Aware of the abuse of anti-terrorism and extremism legislation to suppress political and critical speech which has nothing to do with terrorism or security;

Stressing the importance of the role of the media in informing the public about all matters of public concern, including those relating to terrorism and efforts to combat it, as well as the right of the public to be informed about such matters;

Adopt, on 10 December 2008, the 60th anniversary of the Universal Declaration of Human Rights, the following Declaration on Defamation of Religions, and Anti-Terrorism and Anti-Extremism Legislation:

Defamation of Religions

  • The concept of ‘defamation of religions’ does not accord with international standards regarding defamation, which refer to the protection of reputation of individuals, while religions, like all beliefs, cannot be said to have a reputation of their own.
  • Restrictions on freedom of expression should be limited in scope to the protection of overriding individual rights and social interests, and should never be used to protect particular institutions, or abstract notions, concepts or beliefs, including religious ones.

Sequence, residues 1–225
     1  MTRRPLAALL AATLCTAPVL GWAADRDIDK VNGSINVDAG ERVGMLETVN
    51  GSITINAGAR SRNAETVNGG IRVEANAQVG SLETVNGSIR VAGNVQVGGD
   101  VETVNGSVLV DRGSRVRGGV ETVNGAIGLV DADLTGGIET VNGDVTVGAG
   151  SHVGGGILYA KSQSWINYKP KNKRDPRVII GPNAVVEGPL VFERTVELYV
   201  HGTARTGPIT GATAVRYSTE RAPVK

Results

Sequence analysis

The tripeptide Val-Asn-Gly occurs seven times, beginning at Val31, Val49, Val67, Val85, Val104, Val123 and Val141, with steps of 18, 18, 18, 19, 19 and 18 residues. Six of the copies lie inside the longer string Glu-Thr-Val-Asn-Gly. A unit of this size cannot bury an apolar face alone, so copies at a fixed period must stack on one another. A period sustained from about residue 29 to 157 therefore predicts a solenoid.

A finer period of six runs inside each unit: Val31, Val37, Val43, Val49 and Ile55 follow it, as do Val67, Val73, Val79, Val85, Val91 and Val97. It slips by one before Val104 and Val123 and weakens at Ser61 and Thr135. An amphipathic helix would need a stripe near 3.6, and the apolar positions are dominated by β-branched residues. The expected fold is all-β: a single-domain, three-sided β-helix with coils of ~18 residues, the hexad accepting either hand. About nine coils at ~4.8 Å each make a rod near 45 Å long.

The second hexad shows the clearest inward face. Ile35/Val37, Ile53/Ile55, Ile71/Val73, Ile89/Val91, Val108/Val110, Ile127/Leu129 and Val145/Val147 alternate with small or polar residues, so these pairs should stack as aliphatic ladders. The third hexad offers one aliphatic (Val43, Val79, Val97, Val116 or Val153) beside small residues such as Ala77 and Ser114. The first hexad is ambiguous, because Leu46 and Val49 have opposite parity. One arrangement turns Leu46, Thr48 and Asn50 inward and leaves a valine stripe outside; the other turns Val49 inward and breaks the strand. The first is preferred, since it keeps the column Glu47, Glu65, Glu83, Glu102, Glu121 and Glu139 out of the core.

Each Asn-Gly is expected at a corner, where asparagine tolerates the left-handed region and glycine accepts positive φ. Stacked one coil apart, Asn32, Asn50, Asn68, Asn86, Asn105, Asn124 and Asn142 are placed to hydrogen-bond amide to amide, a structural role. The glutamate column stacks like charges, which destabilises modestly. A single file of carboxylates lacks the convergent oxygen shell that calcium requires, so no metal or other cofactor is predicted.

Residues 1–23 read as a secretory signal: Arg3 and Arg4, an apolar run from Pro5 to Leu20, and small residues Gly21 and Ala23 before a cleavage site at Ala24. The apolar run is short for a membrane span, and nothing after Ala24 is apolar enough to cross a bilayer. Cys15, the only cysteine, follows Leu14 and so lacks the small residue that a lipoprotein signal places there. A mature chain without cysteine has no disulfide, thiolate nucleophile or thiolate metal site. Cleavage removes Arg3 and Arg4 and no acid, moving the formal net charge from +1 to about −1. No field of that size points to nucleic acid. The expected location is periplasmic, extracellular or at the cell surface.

• Restrictions on freedom of expression to prevent intolerance should be limited in scope to advocacy of national, racial or religious hatred that constitutes incitement to discrimination, hostility or violence.
  • International organisations, including the United Nations General Assembly and Human Rights Council, should desist from the further adoption of statements supporting the idea of ‘defamation of religions’.

Anti-Terrorism Legislation